At £11m, ‘the cost came out about the same as a regular university building’, says Prof French. This is a key point. Sustainable architecture has been built for many years but has failed to catch on among the general public – not because people don’t want to live sustainably, but because sustainable buildings have been too expensive to build. ‘We need to demonstrate that eco-buildings are on par or cheaper than regular buildings, or otherwise [they] will remain marginal,’ says Prof French.
Carbon-Neutral Laboratory of Sustainable Chemistry, University of Nottingham
The stunning, architecturally inspiring, GlaxoSmithKline Carbon Neutral Laboratory of Sustainable Chemistry (pictured top of page) is the first carbon-neutral laboratory to be built in the UK. The building has achieved BREEAM Outstanding and LEED Platinum ratings and will achieve its carbon-neutral status after 25 years.
The laboratory, based at the University of Nottingham Innovation Park, is being constructed in partnership with HEFCE and Impact: The Nottingham Campaign, the university’s largest ever fundraising appeal to change lives, tackle global issues and shape the future. The campaign facilitated a £12m grant from GSK as part of its ‘green chemistry’ commitment first announced in 2010.
The building itself will incorporate the latest technologies to allow it to be carbon neutral over its lifetime. The laboratory will be built from natural materials and energy required to run the laboratory will be met by renewable sources such as solar power and sustainable biofuel. Excess energy created by the building will provide enough carbon credits over 25 years to pay back the carbon used in its construction and is being used to heat the nearby office development on campus.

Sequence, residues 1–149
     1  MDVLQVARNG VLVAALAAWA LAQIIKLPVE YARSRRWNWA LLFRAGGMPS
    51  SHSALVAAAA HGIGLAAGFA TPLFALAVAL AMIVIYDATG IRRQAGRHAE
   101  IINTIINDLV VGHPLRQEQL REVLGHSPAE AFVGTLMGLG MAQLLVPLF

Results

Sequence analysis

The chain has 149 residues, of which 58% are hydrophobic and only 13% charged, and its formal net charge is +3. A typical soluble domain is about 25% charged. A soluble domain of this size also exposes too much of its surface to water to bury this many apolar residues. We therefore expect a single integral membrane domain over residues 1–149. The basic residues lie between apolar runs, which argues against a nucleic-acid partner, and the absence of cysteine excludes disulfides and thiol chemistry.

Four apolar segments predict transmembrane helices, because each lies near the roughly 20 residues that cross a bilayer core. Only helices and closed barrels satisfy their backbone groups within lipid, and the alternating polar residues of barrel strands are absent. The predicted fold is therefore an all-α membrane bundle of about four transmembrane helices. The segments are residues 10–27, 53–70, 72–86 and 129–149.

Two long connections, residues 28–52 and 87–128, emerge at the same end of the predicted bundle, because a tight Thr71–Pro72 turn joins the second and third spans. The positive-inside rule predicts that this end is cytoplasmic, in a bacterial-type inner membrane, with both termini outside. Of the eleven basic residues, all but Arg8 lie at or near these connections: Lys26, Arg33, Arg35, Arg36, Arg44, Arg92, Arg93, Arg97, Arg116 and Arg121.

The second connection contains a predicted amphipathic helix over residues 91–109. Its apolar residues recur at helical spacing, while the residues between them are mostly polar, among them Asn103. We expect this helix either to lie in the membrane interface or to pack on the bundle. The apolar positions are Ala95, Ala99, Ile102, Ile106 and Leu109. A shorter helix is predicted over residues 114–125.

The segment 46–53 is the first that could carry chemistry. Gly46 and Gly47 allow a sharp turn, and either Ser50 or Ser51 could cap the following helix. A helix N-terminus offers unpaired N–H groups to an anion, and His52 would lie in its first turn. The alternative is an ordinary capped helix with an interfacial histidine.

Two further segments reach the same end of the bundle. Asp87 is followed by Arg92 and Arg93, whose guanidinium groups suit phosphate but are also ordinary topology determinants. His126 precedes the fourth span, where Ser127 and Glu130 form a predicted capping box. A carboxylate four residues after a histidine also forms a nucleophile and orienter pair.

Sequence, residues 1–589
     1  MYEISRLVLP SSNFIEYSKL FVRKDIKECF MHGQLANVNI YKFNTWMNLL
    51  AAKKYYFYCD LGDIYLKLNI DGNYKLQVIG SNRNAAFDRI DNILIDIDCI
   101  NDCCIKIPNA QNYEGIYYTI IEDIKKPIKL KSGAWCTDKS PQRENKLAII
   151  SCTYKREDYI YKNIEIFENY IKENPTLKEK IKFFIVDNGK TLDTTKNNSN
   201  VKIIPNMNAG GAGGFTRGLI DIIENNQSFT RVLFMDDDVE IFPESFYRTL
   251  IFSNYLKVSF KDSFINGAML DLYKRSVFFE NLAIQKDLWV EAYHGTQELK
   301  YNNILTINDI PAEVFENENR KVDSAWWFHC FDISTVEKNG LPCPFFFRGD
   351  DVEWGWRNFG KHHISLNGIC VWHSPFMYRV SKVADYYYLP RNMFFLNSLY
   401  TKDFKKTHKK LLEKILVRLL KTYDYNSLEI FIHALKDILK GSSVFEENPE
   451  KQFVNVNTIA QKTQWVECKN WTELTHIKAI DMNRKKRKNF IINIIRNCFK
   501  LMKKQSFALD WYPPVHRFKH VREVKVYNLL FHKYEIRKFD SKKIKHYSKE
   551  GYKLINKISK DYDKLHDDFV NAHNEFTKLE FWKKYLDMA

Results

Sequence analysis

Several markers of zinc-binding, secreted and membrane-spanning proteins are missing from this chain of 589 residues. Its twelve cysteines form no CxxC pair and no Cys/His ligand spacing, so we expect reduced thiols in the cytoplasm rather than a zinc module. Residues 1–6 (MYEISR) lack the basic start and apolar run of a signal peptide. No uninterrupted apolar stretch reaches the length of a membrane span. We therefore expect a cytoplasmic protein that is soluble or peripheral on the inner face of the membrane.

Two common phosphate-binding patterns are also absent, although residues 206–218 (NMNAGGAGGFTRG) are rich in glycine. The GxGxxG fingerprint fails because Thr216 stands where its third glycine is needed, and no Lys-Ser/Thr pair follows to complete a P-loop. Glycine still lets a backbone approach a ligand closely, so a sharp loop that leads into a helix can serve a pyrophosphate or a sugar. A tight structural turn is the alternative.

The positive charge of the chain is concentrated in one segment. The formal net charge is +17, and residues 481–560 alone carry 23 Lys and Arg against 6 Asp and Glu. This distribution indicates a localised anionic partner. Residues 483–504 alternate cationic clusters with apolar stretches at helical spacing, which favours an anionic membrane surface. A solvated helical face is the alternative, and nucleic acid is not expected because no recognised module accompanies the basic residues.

As investment in science and engineering within universities continues, there is real interest in how to deliver new and refurbished buildings to the very highest sustainability standards. ‘It will not be a traditional chemistry lab where people have territorial spaces – in some respects this is like a research hotel,’ says the director of the new centre, Pete Licence.
The UK’s first true zero-carbon accredited student accommodation site looks set to open later this year after the University of Hertfordshire secured a BREEAM Outstanding rating for a new £120m campus building.
Scheduled to be completed in time for the new academic year in September, the project – which includes 3,000 bed spaces – utilises a new biomass fuelled energy centre as it strives towards achieving a true zero-carbon accreditation – which accounts for both regulated energy and unregulated energy.
‘Our estates strategy is a key part of the university corporate strategy and is in response to the macro changes in higher education, delivering real benefits to our students and staff and materially enhancing our campus experience,’ explains the university’s director of estates and hospitality, Andrew May. ‘This is why we are investing in both our academic estate and our residential estate.’
Construction consultancy Turner & Townsend acted as the independent certifier during construction and aided the delivery of the scheme, which saw a range of three to six-storey timber frame accommodation blocks constructed across the Hertfordshire campus. Investors backing the project include Meridiam, Bouygues, Derwent Housing Association and Legal & General.
The BREEAM Outstanding rating was given, by and large, for the use of the biomass energy centre, which incorporates a combined heat and power system at the heart of the development. The system will provide energy for a ‘significant portion’ of the campus, according to the university.